The problem is when Porzingis falls too in love with his 3-point shooting, using it more as a crutch than a weapon, reducing himself to a somewhat one-dimensional pick-and-pop player, a role plenty of other big men can fulfill in today's game. What makes Porzingis different is his ability to score in so many different ways at his size. When he gets the 3-ball rolling, overzealous closeouts become ripe for show-and-go attacks.
The biggest old-head gripe about Porzingis is that he plays like he's a guard despite being as tall as a small building. The Charles Barkley and Shaquille O'Neal types want him to bang down in the post. Use his size. Carlisle is too smart for that. He knows post-ups are an inefficient option for almost all players these days. That goes double for Porzingis, who, as mentioned, isn't a contact player. But there's a way to play big without posting. Going to the basket like this is one way; crashing the offensive glass is another.
The Spurs tried to guard Porzingis with smaller players, an increasingly common strategy not only because more and more teams are playing smaller five men, but also just to try to bait Porzingis into posting up. It didn't work. Porzingis found other ways to get near the rim, where his height could then be the advantage it's supposed to be without traveling the harder path to get there. In the following clips, it's 6-foot-5 Keldon Johnson who gets back cut twice.
Carlisle deserves a bunch of credit for the way he has gotten Porzingis going, finding different ways to put him in efficient scoring positions -- ways that have become more plentiful as Porzingis has gotten healthier and more mobile. Here Carlisle calls for a Spain pick-and-roll in which Porzingis, after setting a high ball screen, gets his own back-screen that allows for a deep dive into the paint, where all the switching has led to 6-foot-4 Dejounte Murray ending up on Porzingis inside the restricted area.
Again, where Porzingis gets into post-up trouble is when he tries to back guys down with multiple bumps and dribbles. Here the play design has afforded him deep position on a smaller player, so it's just a quick catch and turn before help can arrive. No bumping and grinding necessary.
And now here we go with the counters. When the Spurs switch the other way, from the smaller Derrick White to the bigger Jakob Poeltl, Porzingis chooses the reverse approach, pulling the action away from the hoop and into space, where Poeltl can't keep up with him off the dribble.
Here it's DeMar DeRozan switched onto Porzingis, who again, instead of trying to bully DeRozan deeper toward the basket, simply faces up, clears a bit of space, and shoots right over a smaller defender.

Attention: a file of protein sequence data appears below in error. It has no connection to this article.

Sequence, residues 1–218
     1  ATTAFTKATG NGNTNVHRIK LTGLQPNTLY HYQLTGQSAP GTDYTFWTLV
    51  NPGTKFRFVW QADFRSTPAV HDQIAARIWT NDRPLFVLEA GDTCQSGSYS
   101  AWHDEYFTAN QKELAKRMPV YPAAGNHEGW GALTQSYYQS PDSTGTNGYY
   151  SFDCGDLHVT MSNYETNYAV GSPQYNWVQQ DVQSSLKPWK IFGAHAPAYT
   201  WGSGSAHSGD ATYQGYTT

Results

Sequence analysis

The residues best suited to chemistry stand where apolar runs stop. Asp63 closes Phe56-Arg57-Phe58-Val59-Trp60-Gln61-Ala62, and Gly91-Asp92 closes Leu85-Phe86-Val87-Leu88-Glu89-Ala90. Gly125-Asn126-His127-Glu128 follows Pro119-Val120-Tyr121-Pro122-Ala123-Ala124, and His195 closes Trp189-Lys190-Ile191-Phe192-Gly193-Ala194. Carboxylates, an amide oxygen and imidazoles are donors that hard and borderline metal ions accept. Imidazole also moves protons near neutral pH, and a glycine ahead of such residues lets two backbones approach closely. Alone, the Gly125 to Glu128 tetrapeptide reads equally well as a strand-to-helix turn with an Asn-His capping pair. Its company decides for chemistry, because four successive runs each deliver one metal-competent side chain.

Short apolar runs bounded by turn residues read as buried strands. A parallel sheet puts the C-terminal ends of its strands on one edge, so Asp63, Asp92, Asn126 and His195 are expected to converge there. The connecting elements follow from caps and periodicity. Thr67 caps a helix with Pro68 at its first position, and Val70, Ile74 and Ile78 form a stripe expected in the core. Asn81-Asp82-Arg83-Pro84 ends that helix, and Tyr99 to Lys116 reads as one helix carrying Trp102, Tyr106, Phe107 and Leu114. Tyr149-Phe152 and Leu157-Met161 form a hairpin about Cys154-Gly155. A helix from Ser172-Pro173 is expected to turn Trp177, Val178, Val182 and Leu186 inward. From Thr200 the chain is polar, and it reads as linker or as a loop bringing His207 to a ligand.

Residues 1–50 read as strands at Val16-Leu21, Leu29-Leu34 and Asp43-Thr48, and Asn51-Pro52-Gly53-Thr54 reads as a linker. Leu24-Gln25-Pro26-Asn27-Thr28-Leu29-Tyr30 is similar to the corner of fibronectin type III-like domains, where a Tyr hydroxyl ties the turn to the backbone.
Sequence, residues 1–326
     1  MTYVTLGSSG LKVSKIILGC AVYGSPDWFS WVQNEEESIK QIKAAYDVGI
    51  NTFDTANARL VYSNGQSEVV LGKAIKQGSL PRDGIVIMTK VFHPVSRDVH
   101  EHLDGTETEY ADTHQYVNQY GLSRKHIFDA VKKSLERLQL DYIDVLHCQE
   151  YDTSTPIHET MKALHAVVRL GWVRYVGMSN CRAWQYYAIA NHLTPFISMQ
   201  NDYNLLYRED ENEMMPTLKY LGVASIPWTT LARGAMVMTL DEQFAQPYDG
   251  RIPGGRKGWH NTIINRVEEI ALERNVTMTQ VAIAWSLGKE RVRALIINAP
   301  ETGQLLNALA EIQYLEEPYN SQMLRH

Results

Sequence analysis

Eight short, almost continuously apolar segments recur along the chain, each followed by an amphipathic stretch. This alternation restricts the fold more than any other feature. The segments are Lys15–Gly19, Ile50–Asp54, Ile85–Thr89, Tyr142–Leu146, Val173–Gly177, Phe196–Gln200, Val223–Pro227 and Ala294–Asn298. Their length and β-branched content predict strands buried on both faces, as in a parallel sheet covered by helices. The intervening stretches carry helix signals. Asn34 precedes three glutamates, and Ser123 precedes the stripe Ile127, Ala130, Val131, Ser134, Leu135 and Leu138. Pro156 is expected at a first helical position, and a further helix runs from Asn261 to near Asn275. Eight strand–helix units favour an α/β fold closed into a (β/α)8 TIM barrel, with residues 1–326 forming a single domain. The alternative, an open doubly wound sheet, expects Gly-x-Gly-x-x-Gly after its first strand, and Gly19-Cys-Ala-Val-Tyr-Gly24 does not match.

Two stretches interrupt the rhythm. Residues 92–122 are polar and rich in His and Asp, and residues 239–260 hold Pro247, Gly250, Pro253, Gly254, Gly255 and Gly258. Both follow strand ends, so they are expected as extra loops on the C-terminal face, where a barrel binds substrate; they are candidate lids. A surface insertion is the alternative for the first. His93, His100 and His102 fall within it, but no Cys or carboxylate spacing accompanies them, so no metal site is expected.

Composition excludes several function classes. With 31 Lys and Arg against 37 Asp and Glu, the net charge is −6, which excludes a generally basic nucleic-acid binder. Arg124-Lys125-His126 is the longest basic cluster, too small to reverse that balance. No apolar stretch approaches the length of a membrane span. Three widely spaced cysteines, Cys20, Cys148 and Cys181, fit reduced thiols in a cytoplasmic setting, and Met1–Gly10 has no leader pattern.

Here Porzingis catches with James Harden on his back. He can try to back him down, but Harden is a brick of a post defender. It's long been a sucker's play to attack him in that position based on the general perception that he's a soft defender. Porzingis doesn't take the bait, instead, again, facing up and beating Harden to the baseline.
You sensing a pattern here? If Porzingis is facing the basket in the kind of groove he's in right now, with his skill and size, you're in trouble.
That shot right there is one of the big additions to Porzingis' game over the years. As mentioned earlier, he's shooting a career-best percentage from mid range (51 percent between 14 feet and the 3-point line and 44 percent on all midrange, per CTG), but digging deeper, he's scoring .949 points per possession on off-the-dribble jumpers, per Synergy, up from .733 last season and .527 in 2017-18, his final season in New York.
There was a lot of fuss about the loss of Seth Curry and the negative impact that had on Dallas' spacing, but when Porzingis is out there firing, and hitting, at 25 feet and beyond, bringing the opposing big man out there with him, the lane is open for Doncic and the Mavericks still have plenty of supporting shooters as they've tapped back into their deadly drive-and-kick game. Since Feb. 1, Dallas is making 3-pointers at a 38.5 percent clip, per CTG, up from 37 percent last season.
All told, with their starting lineup of Doncic, Josh Richardson, Dorian Finney-Smith, Maxi Kleber and Porzingis, the Mavericks boast a 131.6 offensive rating, per CTG, which ranks as the most efficient mark in the league among all five-man units who've logged at least 300 possessions together. What's more, that's a better rating than any five-man unit Dallas put on the floor last season, which, again, was a historic season.
The Mavericks are in position to shoot up the Western Conference standings. They're only two games back in the loss column of the No. 4 Clippers, and it just so happens they play the Clippers twice this week (Monday and Wednesday). They finish the week with a Friday-Sunday series with the Blazers, whom they trail by just one game in the loss column entering Monday.
It's a far cry from Dallas' early season struggles. Porzingis brings it all together. He is playing some of the best basketball of his career right now. They say the best trades are often the ones you don't make. If the Mavericks, regardless of whatever they're going to say publicly, were looking into trading Porzingis earlier this season, they're feeling pretty good right now that nobody was willing to take him off their hands.